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Joseph and the Amazing Technicolor Confederacy

Last week, I was talking with a good friend of mine who I met years ago through our shared interest in the material culture of the Civil War. We are both fascinated by uniforms—how soldiers chose to represent themselves and their cause through clothing, how wartime realities of material shortages and life in the field shaped what clothing soldiers wore, what the clothes tell us about the man inside them.

My friend, a Marine officer currently stationed overseas, mentioned one of KHS’s finest pieces, Confederate Colonel Joseph P. Nuckols’s uniform. “That,” I said, “is the beau ideal of a Confederate officer’s uniform.” It is. And it isn’t. Aesthetically, it is most certainly not the beau ideal of Confederate clothing. KHS has better. The coat is a mousy light gray, fraying with moth holes, trimmed in chipping dark blue on the collars and cuffs, with tarnished colonel’s gold braid up the sleeves, stars hanging onto the collar by a thread. This coat has gone to war, and looks like it. One of the sleeves has a bullet hole from Nuckols’s wound in the elbow while commanding the Orphan Brigade’s skirmish line at Chickamauga.

When I was a park ranger there in graduate school, that was my favorite spot on the battlefield to interpret. Nuckols’s 4th Kentucky Infantry contained a company of soldiers from my hometown in Trigg County. That coat speaks to places I have lived, stories I told to park visitors, friendships I made. It connects past and present in my life in touching ways. Nostalgic ways. I feel about Nuckols’s coat more or less the way I feel about the Confederacy. Let me unpack that statement. KHS has another Nuckols uniform, too, one that tells a very different, but related, story.

In the late 1870s, Nuckols became the adjutant general, commander of the Kentucky State Guard. As such, he had a coat made in the traditional militia gray. Trimmed in gold, heavy bullion epaulettes and aguilettes hanging from the shoulders, encircled with a gold embroidered belt with the state seal as a buckle. The whole ensemble is topped off with two choices of headgear, a rakish feathered chapeau or a gray kepi with as much gold on it as gray. I call it Joseph’s Amazing Confederate Dreamcoat. It is, in another sense, the beau ideal of Confederate officer’s coat. It is what Nuckols could never have had in the field in the 1860s. It is the Confederacy remembered as it never was. Grand, traditional, courtly, dashing. Its wool is of higher quality, a darker blue that hasn’t picked up any of the browns of the 1860s coat as it aged. Its Kentucky state seal buttons speak to a time where former rebels held the reins of power in Frankfort in ways that were never the case during the war.

Nuckols’s 1880s Dreamcoat was made at the beginning of the decade during which the Confederacy would get a major makeover. Veterans organizations and pro-Confederate revisionist authors began to rewrite the history of the South and of the war. They began to downplay slavery, gloss over the sins of Reconstruction and Redemption, and speak nostalgically about a genteel world of moonlight, magnolias, and a glorious lost cause. Nuckols wore that lost cause daily while he was on duty. Not the actual cause, mind you, the ragged, dirty, shot-up one. That stayed in the closet. He presented his best Confederacy to the world in the 1880s.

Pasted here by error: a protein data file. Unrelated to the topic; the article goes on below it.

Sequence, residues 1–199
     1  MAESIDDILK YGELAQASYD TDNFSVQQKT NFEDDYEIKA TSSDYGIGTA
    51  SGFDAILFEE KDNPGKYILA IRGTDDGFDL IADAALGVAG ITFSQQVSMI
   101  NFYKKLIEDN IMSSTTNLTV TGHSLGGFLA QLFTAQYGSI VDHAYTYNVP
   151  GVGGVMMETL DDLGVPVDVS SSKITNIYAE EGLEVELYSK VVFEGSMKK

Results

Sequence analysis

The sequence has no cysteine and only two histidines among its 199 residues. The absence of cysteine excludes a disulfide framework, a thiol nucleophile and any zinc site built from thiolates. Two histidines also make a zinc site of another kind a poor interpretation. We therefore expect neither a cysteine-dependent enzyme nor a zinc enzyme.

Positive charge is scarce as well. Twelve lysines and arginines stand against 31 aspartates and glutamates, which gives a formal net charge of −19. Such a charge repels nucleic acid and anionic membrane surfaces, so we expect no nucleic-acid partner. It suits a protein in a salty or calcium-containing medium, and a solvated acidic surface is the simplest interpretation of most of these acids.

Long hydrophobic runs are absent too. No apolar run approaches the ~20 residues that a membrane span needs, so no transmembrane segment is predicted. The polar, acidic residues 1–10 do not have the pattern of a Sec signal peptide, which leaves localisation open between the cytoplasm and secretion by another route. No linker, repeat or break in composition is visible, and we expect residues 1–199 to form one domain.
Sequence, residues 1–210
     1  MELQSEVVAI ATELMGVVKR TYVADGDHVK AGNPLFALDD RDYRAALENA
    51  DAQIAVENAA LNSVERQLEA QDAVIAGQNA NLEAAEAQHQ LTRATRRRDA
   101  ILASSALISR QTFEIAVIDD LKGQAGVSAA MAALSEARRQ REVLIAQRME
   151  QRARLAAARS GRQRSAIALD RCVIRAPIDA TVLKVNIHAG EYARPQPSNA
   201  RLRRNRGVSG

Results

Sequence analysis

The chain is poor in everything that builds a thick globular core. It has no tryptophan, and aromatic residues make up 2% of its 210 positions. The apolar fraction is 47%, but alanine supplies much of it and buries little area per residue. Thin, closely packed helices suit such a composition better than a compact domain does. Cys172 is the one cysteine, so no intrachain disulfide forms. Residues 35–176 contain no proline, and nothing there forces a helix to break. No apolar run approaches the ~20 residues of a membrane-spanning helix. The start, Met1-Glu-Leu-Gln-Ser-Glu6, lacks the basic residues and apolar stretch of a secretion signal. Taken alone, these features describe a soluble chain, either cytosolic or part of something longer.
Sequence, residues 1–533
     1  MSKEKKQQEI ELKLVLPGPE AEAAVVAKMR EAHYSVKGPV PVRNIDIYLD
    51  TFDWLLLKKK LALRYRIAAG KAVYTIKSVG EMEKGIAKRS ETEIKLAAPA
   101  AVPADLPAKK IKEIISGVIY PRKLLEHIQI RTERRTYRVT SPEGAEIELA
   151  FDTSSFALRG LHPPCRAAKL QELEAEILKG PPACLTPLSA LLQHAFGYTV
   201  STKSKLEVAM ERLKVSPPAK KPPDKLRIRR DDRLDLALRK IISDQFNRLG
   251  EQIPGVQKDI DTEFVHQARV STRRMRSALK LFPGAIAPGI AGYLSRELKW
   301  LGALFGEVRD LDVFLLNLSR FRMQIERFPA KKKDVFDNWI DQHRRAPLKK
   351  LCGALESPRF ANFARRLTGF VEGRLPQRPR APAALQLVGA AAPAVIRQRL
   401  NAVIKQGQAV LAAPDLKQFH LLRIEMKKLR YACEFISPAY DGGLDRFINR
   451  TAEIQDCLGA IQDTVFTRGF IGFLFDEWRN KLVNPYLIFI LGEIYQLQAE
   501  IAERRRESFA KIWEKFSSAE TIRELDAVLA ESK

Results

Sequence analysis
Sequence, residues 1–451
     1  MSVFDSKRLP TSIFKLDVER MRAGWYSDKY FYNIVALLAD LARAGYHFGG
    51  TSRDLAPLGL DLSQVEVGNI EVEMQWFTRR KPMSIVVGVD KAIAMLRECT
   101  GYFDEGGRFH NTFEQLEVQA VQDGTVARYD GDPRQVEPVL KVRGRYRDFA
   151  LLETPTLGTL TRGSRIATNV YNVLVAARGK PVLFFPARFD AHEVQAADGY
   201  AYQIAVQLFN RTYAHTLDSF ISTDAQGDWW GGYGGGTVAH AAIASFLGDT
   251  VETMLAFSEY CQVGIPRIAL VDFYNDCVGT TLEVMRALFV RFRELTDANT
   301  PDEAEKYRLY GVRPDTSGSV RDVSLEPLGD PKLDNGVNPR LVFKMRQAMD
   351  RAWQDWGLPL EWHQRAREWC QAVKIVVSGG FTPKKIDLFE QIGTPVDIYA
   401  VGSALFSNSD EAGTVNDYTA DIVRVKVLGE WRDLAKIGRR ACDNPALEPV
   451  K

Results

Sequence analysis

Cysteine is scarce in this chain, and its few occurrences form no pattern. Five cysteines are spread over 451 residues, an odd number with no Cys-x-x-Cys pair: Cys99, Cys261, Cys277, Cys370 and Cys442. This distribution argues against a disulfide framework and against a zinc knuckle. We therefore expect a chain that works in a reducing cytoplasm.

Just as memorial groups such as the United Confederate Veterans and, locally, the Orphan Brigade association did in popular culture. And after Nuckols retired and eventually died, family members sold the his 1880s State Guard coat to a costume rental shop, where every Halloween someone went sporting out as the unblemished, Technicolor version of the Confederacy that Nuckols wanted to project two decades after the shooting stopped. That Confederacy wasn’t real. It was built on romantic fantasy, not chattel slavery. Yet it is alluring, attractive, and more fixed in our cultural imagination through literature and film than the Confederacy of the 1860s.

I grew up as a southern white boy in love with the 1880s Technicolor Confederacy. I imbibed it. I embraced it. I never questioned it. As I have matured as a person and as a historian, though, I find myself more at home with the 1860s moth-eaten Confederacy. Which is to say this: I recognize its flaws. I have studied them. I know how they came to be. I understand how those knots, tears, and tarnish shaped me as a person, what I thought, what I believed, how I acted towards others. It is important that we keep these two Confederacies in mind and keep them separate.

One calls us to be dazzled and to celebrate, the other compels us to examine, deconstruct, and understand. That is the work of public history institutions like KHS. We do not collect, enshrine, and commemorate. We analyze, interpret, and teach. KHS is the place where we are able to look at the rips and tears in our history and see how the threads come apart and who did the work of weaving them together.


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